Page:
If you follow us on Facebook or Instagram, you’ll know that I tried and failed to make retes while we were in Slovakia. At the supermarket, there’s a selection of different refrigerated doughs, but all seemed more like puff pastry than flaky phyllo. One did specify it is for strudel, so we bought it, but when I unwrapped it at home it was a single thick sheet. I had tasked the children with collecting sour cherries from the half-wild stand of trees in the far reaches of the yard, and prepared a mixture of finely chopped walnuts and toasted breadcrumbs to fill the retes, but with just this single slab of pastry to work with, I had way more filling than I needed, as well as a lot of melted butter that needed to be put to use. So I improvised a cake, baked in a tart pan because that’s what I could easily dig out of the cupboard, and it was really good! But of course, I didn’t really measure any of the ingredients or makes notes for a recipe.
Flash forward to this morning; I thought I’d recreate the cake so I could share it with you. But birds had gotten to the rest of the sour cherries, leaving us instead with an enormous dish of apricots from our trees, some a little knocked around it’s true, but all the better to cook with. Then there weren’t enough walnuts left in the cupboard, and oddly, none of the little village shops carried them, so I came home with hazelnuts: we have a bushy nut tree in the yard as well, but they won’t be ready until late autumn. I like hazelnuts, but they are a little more trouble than some other nuts, since their skins need to be removed unless you like the sensation of little bits of paper in your food. Further complicating things today, I found some parts of a blender in the cupboard, but not all the pieces needed to get it to, you know, actually work. So I had to chop the roly-poly hazelnuts by hand, which looked to be a nightmare until I realized I could smash them to bigger bits with a handy meat mallet (something no Central European kitchen would be without) and then more finely mince them with a knife. Making do!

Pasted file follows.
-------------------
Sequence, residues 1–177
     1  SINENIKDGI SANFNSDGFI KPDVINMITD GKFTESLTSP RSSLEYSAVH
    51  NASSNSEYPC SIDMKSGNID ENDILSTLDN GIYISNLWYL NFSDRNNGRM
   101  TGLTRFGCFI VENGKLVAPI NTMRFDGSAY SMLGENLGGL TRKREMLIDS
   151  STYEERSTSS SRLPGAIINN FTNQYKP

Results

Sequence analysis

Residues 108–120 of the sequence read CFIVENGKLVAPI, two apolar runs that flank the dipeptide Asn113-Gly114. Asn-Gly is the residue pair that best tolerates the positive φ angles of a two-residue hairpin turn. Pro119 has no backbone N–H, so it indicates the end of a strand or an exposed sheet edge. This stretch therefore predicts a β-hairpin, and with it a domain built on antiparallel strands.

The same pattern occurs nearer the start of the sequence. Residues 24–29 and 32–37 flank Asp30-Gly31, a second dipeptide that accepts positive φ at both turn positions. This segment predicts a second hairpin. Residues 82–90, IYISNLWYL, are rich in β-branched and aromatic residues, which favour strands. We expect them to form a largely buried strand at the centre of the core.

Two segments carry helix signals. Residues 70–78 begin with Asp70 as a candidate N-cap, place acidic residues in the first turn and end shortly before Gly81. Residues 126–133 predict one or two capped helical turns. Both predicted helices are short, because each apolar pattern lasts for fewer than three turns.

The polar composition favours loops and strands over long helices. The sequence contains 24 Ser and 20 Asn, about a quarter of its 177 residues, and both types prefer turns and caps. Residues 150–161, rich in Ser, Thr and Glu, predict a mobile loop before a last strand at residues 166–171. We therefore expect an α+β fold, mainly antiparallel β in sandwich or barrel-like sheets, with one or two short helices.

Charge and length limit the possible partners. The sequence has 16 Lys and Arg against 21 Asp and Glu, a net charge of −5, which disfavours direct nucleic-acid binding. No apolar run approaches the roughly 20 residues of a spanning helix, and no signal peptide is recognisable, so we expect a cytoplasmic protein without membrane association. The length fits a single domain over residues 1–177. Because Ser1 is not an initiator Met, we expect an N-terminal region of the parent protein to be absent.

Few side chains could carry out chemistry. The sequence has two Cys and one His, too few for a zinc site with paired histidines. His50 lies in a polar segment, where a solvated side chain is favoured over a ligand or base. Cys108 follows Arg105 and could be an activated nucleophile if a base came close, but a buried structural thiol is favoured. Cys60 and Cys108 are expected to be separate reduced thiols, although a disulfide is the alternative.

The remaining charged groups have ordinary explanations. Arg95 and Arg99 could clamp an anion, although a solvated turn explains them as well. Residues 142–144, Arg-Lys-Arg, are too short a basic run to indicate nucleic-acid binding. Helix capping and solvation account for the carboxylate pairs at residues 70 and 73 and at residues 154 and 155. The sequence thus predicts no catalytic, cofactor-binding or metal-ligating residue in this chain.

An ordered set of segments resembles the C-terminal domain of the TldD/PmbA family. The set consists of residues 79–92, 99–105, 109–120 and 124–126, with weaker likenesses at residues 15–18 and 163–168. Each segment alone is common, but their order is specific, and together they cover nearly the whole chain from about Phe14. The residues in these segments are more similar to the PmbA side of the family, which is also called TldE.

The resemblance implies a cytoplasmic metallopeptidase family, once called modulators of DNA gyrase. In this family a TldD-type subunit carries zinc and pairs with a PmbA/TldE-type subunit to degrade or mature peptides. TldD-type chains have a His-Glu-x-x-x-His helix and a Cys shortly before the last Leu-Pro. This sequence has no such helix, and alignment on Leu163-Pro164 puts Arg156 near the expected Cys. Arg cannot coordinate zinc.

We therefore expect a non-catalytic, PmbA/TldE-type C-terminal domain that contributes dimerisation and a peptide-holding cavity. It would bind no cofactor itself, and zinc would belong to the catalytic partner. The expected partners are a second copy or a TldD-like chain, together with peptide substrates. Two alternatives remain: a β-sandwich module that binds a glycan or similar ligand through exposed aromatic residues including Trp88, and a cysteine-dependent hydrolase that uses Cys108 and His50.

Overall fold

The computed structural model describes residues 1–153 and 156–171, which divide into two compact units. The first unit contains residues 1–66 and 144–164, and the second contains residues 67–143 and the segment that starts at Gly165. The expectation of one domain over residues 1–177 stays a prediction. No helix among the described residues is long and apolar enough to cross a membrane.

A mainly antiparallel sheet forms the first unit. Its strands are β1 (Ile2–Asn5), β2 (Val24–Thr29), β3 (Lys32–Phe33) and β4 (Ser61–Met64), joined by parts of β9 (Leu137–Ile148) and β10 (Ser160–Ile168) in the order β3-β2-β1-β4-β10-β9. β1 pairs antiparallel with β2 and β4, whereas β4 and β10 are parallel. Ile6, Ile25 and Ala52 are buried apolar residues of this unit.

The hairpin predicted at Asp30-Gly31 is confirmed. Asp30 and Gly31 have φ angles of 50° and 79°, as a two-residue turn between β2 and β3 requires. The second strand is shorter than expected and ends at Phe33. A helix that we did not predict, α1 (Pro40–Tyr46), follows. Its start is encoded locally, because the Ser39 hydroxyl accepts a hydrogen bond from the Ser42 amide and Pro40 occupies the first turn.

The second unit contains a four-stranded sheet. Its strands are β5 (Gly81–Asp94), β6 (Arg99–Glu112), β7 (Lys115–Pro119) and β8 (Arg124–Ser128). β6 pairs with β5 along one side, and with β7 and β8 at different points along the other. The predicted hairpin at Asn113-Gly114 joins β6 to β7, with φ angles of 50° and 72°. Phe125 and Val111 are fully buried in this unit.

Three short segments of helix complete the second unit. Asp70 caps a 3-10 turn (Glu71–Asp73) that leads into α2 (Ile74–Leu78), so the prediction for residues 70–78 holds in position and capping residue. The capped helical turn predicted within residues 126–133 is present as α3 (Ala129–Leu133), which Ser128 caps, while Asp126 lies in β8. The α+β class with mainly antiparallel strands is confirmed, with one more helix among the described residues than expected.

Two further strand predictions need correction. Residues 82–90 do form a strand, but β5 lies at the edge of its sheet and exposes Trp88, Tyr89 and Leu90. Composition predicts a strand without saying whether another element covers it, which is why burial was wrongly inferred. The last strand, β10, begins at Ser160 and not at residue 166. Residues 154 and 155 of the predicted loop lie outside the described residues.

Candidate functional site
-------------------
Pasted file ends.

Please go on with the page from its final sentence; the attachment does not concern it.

I wanted to bring in something more from the garden to make this cake really reflect the high summer season. We were sweltering for most of our visit here to Slovakia, and with the cool damp spring behind us, the garden has really exploded. I chose the tiny tender leaves of our thyme plant to add some of summer’s perfume to the cake, and while you definitely could leave it out, it really works with the tart apricot/rich hazelnut pairing. Try it!
- 1 cup whole hazelnuts
- 10-14 fresh apricots
- 1 1/2 cups all-purpose flour
- 3/4 tsp baking powder
- 3/4 tsp baking soda
- 3/4 tsp salt
- 2/3 cup granulated sugar
- 3/4 tsp finely chopped fresh thyme (optional)
- 5 Tbs butter, melted
- 2 eggs
- 1 tsp vanilla extract
- 3/4 cup plain yogurt or sour cream
- Preheat oven to 400° F. On a baking sheet, spread the hazelnuts in a single layer and toast until they are fragrant, their papery skins are cracking and the nuts themselves beginning to turn golden. Remove from oven and allow to cool slightly; rub in a clean dishtowel to remove the rest of the skins.
- Reduce oven temperature to 350°. Grease a 12" tart pan or springform pan.
- In a food processor, pulse the toasted hazelnuts a few times until coarsely chopped (you don't want them to start forming a paste). Scrape nuts into a large bowl.
- Add the flour, baking powder and soda and salt to the chopped nuts.
- If you are using the thyme, rub it into the sugar to release some of the oils, then add the sugar to the dry ingredients and whisk to combine.
- Whisk together the melted butter, eggs, vanilla and yogurt or sour cream in a small bowl.
- Gently stir the wet ingredients into the dry ingredients until just combined.
- Scrape batter into the prepared pan.
- Cut or tear each apricot in half, and arrange, cut side down, on the top of the batter (discard the pits). Sprinkle the top of the cake with additional sugar, if desired.
- Bake for 25-30 minutes or until top is golden and a toothpick inserted into the center of the cake comes out clean.
- Allow to cool for 10 minutes before slicing.
- If you don't have the full 3/4 cup of yogurt or sour cream, just make up the rest with milk.
- If, like us, you don't have a food processor, you can more quickly chop the nuts by first crushing them in a plastic bag using a rolling pin or meat mallet, then take them out of the bag and chop with a knife.